Looks like the backends for Steam and Wine have gone controversial, this year, unless you buy their console or guest OS. With over hundreds of games for free, It is pretty much that right now... "FREE"... (except for subscription games). The obvious exception to the controversy is if you buy the XBox, PlayStation, or other well geared game console. Microsoft Windows moved onto UEFI, so all previous game makers that do not comply are "Left For [Wine]."
+Valve, with Steam for Linux, took the offbeat path and already got ahead.
Their controversial maneuver is through the latest hardware. If they tell you exact;y what hardware to buy then, they have to support it over the entire lifetime of the hardware. It is not like some law that does that. Famous companies, industry leaders, and game-maker "heads" do neither want to lose their popularity nor followers. Older games wanted more control over the hardware for in-play reconfiguration options. It broke user experience when the system must be restarted for any configuration change. Now, there exists newer hardware does not allow such "hardware hacking."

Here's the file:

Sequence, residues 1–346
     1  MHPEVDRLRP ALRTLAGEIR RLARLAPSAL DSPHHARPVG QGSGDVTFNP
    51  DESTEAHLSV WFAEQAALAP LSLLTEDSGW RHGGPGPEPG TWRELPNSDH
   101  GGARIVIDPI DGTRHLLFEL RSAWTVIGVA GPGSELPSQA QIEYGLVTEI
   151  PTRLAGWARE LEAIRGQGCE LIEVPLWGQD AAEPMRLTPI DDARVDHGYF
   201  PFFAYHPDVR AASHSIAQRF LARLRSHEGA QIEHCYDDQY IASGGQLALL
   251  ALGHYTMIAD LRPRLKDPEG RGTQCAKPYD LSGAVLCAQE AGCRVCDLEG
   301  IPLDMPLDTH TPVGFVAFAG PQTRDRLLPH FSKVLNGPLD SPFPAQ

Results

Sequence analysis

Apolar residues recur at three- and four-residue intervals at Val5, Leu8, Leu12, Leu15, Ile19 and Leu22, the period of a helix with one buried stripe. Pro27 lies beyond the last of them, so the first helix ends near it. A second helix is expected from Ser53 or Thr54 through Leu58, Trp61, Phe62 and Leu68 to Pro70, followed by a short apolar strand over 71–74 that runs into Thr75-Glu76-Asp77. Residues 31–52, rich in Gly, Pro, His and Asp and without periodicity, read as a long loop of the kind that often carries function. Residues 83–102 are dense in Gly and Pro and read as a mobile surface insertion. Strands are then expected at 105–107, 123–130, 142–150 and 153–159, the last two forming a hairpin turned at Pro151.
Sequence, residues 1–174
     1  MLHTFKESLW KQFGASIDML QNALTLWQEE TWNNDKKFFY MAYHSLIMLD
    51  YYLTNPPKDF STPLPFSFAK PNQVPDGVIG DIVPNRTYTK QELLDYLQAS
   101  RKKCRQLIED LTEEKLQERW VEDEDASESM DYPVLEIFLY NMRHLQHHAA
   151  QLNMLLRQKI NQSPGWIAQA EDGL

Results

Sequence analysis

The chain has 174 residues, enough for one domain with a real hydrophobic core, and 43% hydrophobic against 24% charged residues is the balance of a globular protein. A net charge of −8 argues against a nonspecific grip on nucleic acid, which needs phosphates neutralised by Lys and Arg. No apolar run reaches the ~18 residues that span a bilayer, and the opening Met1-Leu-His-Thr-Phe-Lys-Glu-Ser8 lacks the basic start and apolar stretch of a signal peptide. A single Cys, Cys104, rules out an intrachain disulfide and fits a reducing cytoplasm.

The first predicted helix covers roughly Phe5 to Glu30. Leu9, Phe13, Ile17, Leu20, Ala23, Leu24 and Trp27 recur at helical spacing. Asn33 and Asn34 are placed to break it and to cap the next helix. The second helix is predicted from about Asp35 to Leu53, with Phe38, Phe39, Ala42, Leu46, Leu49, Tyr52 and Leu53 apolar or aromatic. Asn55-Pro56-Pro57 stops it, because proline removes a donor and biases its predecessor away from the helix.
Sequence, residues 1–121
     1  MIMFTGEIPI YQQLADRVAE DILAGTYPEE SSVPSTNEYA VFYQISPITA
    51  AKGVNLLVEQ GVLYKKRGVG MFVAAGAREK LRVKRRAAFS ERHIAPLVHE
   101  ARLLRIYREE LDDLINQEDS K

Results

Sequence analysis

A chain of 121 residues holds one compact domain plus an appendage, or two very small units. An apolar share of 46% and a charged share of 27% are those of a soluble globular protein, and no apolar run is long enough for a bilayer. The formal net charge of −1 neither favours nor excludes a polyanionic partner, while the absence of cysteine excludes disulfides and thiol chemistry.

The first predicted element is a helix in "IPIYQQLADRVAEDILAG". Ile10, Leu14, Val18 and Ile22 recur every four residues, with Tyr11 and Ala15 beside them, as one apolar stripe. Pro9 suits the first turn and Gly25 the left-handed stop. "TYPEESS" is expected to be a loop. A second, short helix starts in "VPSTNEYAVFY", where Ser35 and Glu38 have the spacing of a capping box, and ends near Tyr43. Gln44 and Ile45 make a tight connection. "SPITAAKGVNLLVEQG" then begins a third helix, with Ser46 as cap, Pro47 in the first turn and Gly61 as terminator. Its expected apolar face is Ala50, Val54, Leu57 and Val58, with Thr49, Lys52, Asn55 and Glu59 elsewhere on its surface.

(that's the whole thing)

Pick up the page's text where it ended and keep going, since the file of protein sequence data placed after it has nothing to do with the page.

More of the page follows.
In older hardware, where the CPU is separate from the GPU, games easily detected where all the special hardware addresses were for all the dazzle. The problem with that is when it also allows spyware to capture your screen image as your type in passwords.
There is not much left to justify continuance of such game hacks. There is still time to choose wisely in newer hardware.
One option I like is either ARM processor front-end (with UEFI) and x86-64 processor backend, as present some newer tablets. There are versions without ARM and without UEFI for backward compatibility. There is also the APU, which combines the GPU and CPU into one processor with extra security away from such hacks. The controversy starts there, and is noticeable between, if you enable that extra security or find game makers that comply.
We have solutions, yet which solution is best for you is the choice you have to make. I like the option for hypervisors with different guest OS architectures. That way, if I ever get addicted to games again, I can load Windows 64 on one partition, Steam on another, and Wine 32 on another, and they won't be able to touch my main developer work environment with complex configurations dynamics that nobody understood. If that still sounds too complex then, maybe you want to re-look into those game console systems. I read rumors that XBox now has an option that lets you dual-boot Steam on Linux.